It is possible to become quite fatalistic about the future of Social Work in the UK but it is clear from examples in other countries that it doesn’t have to be this way. An examination of systems in Denmark, France, Germany, Italy and the Netherlands by the Thomas Coram Research Unit discovered that tasks routinely expected of Social Workers in the UK are managed by a team of highly skilled professionals in other European Countries (Boddy & Statham, 2009). It is also clear that the ‘blame culture’ which exists in the UK leading to ‘witch hunts’ and the vilification of Social Workers does not happen in other European Countries where child death tragedies are considered to be a failing of society and not attributable to the actions of one individual social worker. Therefore, it is clear that properly resourced social work services operating in a context which acknowledges the challenges and difficulties around child welfare interventions and a shared responsibility for child tragedies could address some of the persistent problems around impossible caseloads, recruitment and retention of social workers. However, it appears that whilst we are consistently bombarded with the same enduring message about social work incompetence, governments can continue to avoid to adequately resource these services and further marginalise an already struggling profession.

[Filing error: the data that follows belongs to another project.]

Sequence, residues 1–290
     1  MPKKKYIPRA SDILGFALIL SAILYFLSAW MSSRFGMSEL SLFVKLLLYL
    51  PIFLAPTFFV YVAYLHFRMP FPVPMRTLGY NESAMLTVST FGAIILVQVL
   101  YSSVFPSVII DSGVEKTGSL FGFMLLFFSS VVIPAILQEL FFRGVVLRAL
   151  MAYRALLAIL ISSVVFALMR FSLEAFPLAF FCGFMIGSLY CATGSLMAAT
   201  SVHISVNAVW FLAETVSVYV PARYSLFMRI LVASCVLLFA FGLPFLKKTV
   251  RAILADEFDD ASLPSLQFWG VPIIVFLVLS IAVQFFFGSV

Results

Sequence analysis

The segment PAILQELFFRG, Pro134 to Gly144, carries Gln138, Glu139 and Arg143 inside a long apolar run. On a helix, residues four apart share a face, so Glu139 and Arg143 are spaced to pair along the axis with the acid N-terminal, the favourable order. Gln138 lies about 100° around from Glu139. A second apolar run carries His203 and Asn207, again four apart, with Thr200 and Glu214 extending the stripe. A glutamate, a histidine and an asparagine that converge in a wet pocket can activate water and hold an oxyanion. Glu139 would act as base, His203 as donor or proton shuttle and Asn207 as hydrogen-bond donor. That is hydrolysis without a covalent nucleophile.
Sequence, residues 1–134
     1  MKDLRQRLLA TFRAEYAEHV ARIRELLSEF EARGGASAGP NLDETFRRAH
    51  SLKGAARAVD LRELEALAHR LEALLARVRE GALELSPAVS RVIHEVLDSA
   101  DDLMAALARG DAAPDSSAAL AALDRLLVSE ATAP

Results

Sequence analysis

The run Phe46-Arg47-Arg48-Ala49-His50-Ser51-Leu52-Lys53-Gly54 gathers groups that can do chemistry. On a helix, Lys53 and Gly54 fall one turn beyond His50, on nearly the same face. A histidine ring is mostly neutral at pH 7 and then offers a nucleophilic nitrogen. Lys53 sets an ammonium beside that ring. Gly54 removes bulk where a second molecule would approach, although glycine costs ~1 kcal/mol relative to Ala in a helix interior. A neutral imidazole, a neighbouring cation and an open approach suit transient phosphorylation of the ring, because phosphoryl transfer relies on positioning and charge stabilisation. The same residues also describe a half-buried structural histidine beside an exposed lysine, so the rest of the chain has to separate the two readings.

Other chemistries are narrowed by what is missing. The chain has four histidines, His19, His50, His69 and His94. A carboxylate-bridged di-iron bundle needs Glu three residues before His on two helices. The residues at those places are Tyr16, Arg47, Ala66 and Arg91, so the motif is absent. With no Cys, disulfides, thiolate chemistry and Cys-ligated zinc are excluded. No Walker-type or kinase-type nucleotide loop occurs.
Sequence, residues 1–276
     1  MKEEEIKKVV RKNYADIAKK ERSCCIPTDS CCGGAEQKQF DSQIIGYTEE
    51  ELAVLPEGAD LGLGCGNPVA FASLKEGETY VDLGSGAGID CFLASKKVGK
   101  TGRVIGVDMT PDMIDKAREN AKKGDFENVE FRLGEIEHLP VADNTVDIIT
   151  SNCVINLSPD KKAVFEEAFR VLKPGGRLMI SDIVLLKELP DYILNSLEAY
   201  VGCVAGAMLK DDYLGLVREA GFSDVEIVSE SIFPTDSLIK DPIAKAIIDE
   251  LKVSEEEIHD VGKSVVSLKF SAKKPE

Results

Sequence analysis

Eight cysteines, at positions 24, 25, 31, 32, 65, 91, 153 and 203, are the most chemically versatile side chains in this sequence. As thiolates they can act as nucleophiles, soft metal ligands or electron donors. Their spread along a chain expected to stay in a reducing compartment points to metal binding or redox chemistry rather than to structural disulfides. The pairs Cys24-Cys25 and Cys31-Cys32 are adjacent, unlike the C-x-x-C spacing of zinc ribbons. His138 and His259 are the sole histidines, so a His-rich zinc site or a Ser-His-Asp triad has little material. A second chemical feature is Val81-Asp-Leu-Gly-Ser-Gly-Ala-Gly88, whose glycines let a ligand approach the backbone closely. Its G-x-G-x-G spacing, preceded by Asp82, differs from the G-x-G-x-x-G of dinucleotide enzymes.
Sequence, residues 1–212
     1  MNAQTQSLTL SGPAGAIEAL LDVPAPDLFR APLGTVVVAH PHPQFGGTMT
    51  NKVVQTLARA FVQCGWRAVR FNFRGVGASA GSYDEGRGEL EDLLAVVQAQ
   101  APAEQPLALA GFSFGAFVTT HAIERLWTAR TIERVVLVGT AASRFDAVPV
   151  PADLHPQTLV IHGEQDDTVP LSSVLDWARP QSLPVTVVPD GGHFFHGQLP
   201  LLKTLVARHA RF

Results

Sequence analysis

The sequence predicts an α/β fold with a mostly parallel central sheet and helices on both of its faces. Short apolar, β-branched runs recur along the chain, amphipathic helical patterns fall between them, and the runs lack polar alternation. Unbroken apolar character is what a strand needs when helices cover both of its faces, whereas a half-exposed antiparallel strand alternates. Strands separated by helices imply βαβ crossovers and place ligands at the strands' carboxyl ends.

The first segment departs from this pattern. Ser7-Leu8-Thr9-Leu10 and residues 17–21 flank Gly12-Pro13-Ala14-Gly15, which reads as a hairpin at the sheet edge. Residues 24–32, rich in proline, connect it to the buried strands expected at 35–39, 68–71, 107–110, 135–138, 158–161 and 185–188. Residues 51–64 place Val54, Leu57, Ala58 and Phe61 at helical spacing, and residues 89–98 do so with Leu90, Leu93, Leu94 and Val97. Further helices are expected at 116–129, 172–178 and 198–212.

Mark Cronin

Senior Lecturer in Early Childhood Education and Care, Newman University


Blades, R., Hart, D., Lea, J. and Willmott, N. (2011) Care – a stepping stone to custody: The views of children in care on the links between care, offending and custody. London: Prison Reform Trust.